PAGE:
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Eight isn't enough
As Leon Washington settled under a fourth-quarter kickoff at Sun Life Stadium on Sunday, history was 98 yards away.
What transpired in the next few – and very-fleeting – seconds was the eighth return for a touchdown in Washington’s seven-season NFL career, which lifted him into a tie for the league record with Josh Cribbs of the Cleveland Browns. Also on display were the traits that have allowed Washington to run his way into NFL history.
First, Washington used his explosive first step to get him headed in the right direction. Then, he used blocks by Lemuel Jeanpierre, Frank Omiyale and Doug Baldwin to get the initial lane he needed. Then, he eluded Dolphins kicker Dan Carpenter at the Miami 45-yard line. Finally, he turned on the jets to leave safety Jonathon Amaya in his wake as he raced up the sideline.
It was text-book stuff that turned into a record-book achievement.
“That return showed all the strengths that he has,” said a smiling Brian Schneider, the Seahawks’ special teams coordinator. “And he’ll be the first to tell you that it was a really fine-blocked play. That was one of those where all 11 guys did their jobs.
“Everyone else had a key play, and then Leon was able to do what he does.”
A few minutes later in the locker room at Virginia Mason Athletic Center, Washington also punctuated his assessment of the return and the achievement with a series of facial expressions that ranged from proper perspective to pure pleasure.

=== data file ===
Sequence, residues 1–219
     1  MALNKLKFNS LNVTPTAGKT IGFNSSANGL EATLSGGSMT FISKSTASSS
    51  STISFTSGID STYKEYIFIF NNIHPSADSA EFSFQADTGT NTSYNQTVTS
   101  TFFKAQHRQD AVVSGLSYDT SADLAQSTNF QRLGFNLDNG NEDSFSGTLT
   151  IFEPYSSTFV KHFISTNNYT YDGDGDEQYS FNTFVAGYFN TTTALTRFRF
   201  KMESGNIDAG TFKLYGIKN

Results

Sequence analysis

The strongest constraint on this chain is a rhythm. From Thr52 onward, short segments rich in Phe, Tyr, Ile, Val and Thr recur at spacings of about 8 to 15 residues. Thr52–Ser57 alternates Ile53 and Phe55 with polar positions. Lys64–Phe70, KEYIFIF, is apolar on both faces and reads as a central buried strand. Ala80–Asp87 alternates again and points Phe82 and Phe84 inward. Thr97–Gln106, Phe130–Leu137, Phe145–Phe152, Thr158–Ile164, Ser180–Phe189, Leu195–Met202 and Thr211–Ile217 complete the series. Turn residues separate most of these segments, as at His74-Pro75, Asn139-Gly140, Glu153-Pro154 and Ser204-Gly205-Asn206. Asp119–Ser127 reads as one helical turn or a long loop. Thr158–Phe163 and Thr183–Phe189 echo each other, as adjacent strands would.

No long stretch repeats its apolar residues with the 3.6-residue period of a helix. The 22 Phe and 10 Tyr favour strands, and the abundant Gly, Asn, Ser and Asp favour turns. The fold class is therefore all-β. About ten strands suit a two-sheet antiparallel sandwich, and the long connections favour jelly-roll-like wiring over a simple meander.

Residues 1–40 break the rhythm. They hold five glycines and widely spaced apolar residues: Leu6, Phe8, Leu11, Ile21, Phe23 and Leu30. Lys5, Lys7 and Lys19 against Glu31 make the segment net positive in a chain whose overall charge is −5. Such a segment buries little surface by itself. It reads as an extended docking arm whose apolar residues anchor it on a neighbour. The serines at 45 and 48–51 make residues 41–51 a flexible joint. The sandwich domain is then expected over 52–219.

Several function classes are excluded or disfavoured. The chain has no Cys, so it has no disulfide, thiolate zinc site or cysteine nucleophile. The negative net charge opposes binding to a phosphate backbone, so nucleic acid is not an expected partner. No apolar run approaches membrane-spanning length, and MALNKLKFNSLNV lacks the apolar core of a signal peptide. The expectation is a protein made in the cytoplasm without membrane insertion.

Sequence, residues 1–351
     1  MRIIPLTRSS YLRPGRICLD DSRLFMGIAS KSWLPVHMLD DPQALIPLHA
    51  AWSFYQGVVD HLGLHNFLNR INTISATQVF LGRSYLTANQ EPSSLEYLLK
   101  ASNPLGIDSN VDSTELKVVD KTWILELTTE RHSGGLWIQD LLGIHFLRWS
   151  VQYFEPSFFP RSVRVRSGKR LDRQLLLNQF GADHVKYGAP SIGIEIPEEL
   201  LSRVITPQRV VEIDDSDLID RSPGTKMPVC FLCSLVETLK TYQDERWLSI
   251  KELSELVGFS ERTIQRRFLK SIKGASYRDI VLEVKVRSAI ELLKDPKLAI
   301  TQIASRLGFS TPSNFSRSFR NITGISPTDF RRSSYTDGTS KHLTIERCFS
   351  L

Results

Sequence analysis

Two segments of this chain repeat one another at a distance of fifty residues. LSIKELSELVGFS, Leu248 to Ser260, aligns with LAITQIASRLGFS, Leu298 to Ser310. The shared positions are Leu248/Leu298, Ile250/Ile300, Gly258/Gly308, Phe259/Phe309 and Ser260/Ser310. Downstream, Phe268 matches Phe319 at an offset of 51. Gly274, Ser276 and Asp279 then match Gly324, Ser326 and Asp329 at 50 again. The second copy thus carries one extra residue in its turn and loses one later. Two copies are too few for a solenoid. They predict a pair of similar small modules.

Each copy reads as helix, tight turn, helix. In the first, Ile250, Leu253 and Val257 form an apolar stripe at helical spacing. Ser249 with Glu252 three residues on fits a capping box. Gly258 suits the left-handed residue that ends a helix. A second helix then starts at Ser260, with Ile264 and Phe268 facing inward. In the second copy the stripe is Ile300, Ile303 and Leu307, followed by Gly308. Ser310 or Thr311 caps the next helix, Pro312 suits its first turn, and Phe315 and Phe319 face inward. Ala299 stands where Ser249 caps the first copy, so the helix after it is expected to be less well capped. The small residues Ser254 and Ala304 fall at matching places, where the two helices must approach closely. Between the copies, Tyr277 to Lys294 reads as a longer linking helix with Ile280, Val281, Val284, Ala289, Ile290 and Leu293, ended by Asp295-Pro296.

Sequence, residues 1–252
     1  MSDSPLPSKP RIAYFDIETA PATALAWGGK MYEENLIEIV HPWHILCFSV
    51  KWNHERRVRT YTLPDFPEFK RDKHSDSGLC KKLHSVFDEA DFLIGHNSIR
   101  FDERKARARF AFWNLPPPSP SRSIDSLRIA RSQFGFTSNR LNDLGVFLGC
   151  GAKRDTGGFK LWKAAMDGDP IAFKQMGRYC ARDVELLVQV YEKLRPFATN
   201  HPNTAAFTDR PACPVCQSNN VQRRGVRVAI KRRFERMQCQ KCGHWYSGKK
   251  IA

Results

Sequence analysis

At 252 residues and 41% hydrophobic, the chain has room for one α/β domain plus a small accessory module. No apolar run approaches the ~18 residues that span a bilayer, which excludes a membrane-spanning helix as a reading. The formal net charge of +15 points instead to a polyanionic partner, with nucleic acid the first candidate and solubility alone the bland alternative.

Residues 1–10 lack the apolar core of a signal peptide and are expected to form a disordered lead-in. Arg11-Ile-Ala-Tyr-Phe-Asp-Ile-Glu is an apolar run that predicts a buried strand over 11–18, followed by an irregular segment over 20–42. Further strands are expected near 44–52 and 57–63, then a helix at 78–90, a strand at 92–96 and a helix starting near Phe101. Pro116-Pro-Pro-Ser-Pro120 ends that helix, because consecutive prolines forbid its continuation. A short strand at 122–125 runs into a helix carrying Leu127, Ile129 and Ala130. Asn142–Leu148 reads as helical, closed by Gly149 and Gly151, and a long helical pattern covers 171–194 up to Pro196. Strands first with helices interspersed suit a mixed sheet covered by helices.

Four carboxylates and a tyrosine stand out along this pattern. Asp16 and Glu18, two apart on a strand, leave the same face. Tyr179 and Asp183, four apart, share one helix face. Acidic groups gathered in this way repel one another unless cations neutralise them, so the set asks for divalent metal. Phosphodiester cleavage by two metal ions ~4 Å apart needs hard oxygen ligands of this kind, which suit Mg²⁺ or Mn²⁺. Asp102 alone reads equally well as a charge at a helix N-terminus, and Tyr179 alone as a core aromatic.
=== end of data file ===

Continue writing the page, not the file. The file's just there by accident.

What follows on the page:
And who can blame him? This was never expected to happen. After Washington severely fractured his right fibula in a 2009 game against the Raiders in Oakland while playing for the New York Jets, few thought he would ever play again and even fewer thought he’d regain his form as one of the premiere returners in the league. The Jets gave up on him, trading Washington to the Seahawks during the 2010 NFL Draft.
“After the injury, most people said, ‘You can’t get back,’ ” Washington said.
But in that first season with the Seahawks, Washington didn’t just return to form he exploded, by returning three kickoffs for scores – two in a Week 3 upset of the San Diego Chargers and another in a Week 14 loss to the 49ers in San Francisco.
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With eight kickoff returns for touchdowns, Leon Washington finds himself not only tied for the NFL record but atop a list of the some of the best returners in league history:
* Gray played for the Saints, Lions, Oilers, Titans and Eagles; and Matson for the Chicago Cardinals, L.A. Rams, Lions and Eagles.
Then things changed, as the league moved the kickoffs up to the 35-yard line in an attempt to reduce the number on injuries caused by the violent collisions that had become so commonplace. Washington went all of last season and the first 10 games this season without a trip into the end zone. While he came tantalizingly close, Washington was playing football, not horseshoes.